5 first-time female directors to discover at tribeca film festival
This year’s Tribeca Film Festival belongs to the female directors breaking onto the feature-film scene for the first time. Here’s what to catch, from Katie Holmes’ directorial debut to Jenny Gage’s hotly tipped portrait of teenage girls coming of age...
Still from 'AWOL,' directed by Deb Shoval
The Tribeca Film Festival starts today, and it's a great year for new female talent: one third of the 78 feature films selected for 2016 are directed by women. We picked five standouts who are taking to the screen, and telling incredible stories, with their very first feature-length films this year. Whether through documentary storytelling or the creation of fictional worlds, these directors have already grabbed the attention of TFF's industry-leading organizers and are on their way to making a name for themselves in what is still, in 2016, a largely male-dominated field.
All This Panic, dir. Jenny Gage
This documentary about coming of age in New York City follows sisters Dusty and Ginger through three years of their high school lives. As the sisters allow cinematographer couple Jenny Gage (the film's director) and Tom Betterton (the film's director of photography) into their private worlds, they illustrate the pain, confusion, self-discovery, and friendship involved in growing up as a girl. While the couple are newcomers to the silver screen, they have already made their mark in the world of fashion photography, shooting for magazines like Vanity Fair and Italian Vogue. This time, however, Gage and Betterton are digging beneath the surface, to find out what it means to be a young woman in today's New York City.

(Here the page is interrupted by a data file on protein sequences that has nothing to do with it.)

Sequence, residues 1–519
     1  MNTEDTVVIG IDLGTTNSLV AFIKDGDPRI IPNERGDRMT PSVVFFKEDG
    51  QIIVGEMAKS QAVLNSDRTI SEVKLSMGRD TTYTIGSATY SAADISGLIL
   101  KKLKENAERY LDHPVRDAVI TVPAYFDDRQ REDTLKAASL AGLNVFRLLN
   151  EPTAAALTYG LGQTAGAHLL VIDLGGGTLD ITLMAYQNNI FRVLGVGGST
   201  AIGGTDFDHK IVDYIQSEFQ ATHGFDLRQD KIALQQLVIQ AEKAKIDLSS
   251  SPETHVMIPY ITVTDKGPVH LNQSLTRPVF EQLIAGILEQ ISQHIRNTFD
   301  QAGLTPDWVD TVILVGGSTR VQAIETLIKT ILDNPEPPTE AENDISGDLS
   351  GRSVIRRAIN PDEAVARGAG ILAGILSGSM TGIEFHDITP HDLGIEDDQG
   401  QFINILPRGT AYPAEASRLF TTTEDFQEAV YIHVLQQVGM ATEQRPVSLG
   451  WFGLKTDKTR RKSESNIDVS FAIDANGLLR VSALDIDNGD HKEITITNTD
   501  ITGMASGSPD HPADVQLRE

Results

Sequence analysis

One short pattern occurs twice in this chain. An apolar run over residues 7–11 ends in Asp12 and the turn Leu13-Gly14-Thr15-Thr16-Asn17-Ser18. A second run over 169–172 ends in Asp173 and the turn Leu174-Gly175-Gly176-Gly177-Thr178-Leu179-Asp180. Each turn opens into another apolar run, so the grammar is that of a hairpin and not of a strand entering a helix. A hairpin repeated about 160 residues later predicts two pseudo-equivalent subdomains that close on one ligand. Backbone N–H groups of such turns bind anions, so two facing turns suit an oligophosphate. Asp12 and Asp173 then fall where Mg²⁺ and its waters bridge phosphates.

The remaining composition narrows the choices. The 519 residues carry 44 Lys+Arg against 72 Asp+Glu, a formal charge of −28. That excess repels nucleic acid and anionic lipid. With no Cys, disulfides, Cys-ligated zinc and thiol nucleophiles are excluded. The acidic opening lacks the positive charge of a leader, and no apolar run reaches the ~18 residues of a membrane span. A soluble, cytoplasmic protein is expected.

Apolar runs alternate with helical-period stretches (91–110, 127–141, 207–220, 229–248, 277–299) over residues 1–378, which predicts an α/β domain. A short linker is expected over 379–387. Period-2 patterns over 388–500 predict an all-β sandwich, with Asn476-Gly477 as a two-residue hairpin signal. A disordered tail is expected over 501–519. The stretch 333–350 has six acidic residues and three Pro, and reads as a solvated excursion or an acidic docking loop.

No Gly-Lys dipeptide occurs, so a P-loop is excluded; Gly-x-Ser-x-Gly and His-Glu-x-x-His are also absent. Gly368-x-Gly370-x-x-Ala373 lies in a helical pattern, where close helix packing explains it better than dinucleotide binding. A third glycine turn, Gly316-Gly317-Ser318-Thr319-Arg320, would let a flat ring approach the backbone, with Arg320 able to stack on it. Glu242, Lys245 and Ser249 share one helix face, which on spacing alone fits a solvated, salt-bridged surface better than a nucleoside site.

As I Open My Eyes, dir. Leyla Bouzid
Set at the very beginning of the Arab Spring in Tunisia, As I Open My Eyes follows spunky frontwoman Farah and her underground rock band in the fight against traditional Tunisian social ideals and family expectations. The political tension that surrounds the friends is only broken during the band's performances, when Farah and the group can really escape. The film — which has already received over 25 major international awards — is director Leyla Bouzid's first, and the story is based off of her own experience of running a club with her friends under president Zine El-Abidine Ben Ali's dictatorship in Tunisia.
Bad Rap, dir. Salima Koroma
As a former hip-hop writer and editor, director Salima Koroma is more than familiar with the rap world, even with its so-called outsiders. In Bad Rap, Koroma follows four Asian-American rappers as they struggle to disprove Asian stereotypes in order to succeed in music. Through performances and interviews with rappers like New York's Awkwafina and LA's Dumbfoundead, each with their own distinct style, the documentary warns American rap fans not to profile their Asian counterparts, or underestimate their talents.
AWOL, dir. Deb Shoval
For her feature film debut, director Deb Shoval transformed her award-winning short "AWOL" into a feature-length love story between two women that lifts them above suffocating small-town life. Lead Lola Kirke restlessly searches for a purpose until she meets a lonely housewife who completely changes her world — and threatens to distract her from her plans to join the army and finally get out of town. AWOL has been praised for both its strong casting and for Shoval's clear and intense storytelling of life in bleary rural Pennsylvania.
All We Had, dir. Katie Holmes
Actress Katie Holmes makes her directorial debut with an adaptation of Annie Weatherwax's 2014 novel All We Had. The film follows Rita (played by Holmes) and her 13-year-old daughter Ruthie as they lose everything they have and move to a new town during the recession. As Rita fights to keep herself and her daughter financially above water, Ruthie struggles to grow up and realize the imperfections of her mother and her world. Holmes counts her relationship with nine-year-old daughter Suri as inspiration and decided to play the lead in her own movie because, as an actress, "you don't give good roles away."
Text Blair Cannon
Images courtesy Tribeca Film Festival